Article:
- Parent Category: ROOT
- Wednesday, 22 June 2011
- Published Date
- Written by Bob Scott
Most tax professionals would like their clients to keep better records. And probably aren't too many ways to better demonstrate the importance of records to them than the recent case of the woman who won a victory over the Internal Revenue Service regarding her care for feral cats. But she lost most of the deduction she claimed because of her recordkeeping.
Records are something many consumers think of when tax time approaches, not at the time that expenses were incurred and should have been noted.
However, much of the $12,068 she claimed as a charitable contribution on her 2004 tax return was disallowed. The court allowed individual expenses of under $250. But since Van Dusen didn't have contemporaneous acknowledgment for expenses of more than $250, at least $5,400 in expenses were disallowed. It was not possible to tell from the decision some of the amounts rejected since the court merely identified them by check number.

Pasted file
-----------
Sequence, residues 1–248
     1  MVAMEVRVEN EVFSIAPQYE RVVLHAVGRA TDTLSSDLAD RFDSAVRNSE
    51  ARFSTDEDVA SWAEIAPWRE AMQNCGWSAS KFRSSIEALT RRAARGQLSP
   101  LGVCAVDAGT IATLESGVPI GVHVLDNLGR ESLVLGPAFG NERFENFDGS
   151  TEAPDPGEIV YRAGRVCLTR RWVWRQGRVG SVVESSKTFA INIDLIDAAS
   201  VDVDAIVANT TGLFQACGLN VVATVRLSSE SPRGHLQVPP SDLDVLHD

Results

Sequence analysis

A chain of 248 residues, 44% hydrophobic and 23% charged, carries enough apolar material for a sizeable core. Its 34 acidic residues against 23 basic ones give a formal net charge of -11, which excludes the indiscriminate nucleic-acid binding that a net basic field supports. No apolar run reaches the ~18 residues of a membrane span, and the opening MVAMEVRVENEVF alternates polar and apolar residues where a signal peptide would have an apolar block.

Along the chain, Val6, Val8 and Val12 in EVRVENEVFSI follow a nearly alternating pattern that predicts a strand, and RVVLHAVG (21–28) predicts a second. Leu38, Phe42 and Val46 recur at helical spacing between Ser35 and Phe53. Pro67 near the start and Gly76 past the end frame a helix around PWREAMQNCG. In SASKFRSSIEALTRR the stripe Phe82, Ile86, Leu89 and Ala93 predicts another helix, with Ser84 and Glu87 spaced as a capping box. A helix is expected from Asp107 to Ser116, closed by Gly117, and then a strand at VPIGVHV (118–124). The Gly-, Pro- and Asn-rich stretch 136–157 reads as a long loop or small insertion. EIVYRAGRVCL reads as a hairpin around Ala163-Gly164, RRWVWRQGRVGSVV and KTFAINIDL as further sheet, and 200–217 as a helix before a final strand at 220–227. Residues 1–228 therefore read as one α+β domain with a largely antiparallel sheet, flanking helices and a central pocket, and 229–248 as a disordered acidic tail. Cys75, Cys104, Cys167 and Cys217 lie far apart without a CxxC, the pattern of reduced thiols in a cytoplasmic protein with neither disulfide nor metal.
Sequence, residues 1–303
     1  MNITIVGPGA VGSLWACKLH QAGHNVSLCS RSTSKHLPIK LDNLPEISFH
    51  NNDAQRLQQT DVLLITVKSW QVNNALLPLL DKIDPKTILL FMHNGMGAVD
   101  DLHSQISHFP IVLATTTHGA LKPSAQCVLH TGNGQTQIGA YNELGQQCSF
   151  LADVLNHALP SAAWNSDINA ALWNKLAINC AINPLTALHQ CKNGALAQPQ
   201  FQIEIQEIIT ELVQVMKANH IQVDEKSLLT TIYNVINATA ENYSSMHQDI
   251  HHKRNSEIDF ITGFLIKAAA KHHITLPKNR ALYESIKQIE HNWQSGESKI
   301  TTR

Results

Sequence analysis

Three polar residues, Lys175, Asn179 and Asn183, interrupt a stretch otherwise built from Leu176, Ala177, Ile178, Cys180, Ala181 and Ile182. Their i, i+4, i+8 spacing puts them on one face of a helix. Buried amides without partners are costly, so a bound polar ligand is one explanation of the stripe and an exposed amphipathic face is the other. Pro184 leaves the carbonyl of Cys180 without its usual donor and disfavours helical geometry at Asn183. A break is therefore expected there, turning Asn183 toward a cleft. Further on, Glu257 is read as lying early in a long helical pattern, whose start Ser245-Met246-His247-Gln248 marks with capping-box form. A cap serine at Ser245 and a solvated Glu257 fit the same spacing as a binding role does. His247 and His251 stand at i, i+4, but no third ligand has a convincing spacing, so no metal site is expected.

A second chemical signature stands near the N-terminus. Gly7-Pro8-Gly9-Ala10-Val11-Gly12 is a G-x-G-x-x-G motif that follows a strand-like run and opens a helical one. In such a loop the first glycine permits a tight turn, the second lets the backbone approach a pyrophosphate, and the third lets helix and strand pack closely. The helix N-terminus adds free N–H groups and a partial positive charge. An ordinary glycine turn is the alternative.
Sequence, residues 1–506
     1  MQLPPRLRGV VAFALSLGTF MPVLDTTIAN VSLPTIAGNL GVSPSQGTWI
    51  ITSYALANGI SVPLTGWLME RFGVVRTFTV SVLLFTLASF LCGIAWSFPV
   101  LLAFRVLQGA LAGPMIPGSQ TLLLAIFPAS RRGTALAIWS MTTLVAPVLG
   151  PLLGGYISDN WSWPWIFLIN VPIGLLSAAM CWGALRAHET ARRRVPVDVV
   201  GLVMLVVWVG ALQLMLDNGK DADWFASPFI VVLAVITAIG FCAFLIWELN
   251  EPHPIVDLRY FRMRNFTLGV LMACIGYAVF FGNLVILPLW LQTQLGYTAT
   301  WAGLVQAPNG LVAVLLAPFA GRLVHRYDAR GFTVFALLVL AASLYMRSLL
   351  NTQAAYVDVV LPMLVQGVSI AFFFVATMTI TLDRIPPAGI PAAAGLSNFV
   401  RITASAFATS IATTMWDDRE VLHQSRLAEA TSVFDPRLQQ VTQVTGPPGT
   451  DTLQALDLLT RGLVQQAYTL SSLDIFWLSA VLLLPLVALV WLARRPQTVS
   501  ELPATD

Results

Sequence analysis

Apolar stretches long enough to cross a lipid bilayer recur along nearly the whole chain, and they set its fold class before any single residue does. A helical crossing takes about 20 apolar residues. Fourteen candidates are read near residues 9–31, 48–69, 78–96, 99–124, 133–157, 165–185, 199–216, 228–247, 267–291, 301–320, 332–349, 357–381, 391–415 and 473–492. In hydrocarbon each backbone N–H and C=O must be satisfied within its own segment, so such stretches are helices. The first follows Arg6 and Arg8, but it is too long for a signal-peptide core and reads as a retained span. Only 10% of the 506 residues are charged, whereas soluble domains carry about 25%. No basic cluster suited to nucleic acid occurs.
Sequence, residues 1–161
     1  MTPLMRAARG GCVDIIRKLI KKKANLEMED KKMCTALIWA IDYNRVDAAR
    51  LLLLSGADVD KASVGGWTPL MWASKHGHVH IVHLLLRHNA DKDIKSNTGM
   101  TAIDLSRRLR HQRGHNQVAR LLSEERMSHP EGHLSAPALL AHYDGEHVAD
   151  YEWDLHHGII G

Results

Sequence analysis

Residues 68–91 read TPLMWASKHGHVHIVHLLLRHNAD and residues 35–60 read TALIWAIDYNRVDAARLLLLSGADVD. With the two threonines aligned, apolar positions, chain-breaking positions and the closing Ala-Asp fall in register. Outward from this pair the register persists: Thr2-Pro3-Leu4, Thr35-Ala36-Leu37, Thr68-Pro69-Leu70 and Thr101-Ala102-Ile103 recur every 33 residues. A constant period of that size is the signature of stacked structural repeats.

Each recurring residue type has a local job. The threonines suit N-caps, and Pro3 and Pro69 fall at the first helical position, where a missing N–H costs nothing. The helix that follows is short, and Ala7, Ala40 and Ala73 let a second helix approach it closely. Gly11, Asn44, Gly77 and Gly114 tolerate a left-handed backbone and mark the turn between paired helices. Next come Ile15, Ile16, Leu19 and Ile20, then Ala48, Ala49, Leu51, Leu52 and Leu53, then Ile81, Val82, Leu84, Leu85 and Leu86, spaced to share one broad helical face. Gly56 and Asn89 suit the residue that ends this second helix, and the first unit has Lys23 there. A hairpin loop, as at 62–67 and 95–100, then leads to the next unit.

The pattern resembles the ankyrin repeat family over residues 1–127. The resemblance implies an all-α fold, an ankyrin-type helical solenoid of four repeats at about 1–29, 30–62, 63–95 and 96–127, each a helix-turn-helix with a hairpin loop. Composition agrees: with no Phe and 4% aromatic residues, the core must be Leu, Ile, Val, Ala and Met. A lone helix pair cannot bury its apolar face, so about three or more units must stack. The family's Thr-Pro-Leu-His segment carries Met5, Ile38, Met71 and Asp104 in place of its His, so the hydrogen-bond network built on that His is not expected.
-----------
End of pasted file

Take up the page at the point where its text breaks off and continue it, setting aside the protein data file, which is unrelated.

But what they had in common was that there was no clear indication of what the expenditures for and some purchases clearly combined allowable and non allowable amount or simply had a total for purchases at a single day at home center outlets. The court says it was not possible to determine how some expenses were calculated.
Van Dusen would not have won every deduction she claimed even with good records. But if there had been proof, she probably would have been able to deduct most.
And when it gets down to it, who wants to win a philosophical victory regarding the ability to contribute a particular service, but not be able to realize the savings? Meticulous recordkeeping is the big difference between winning and really winning.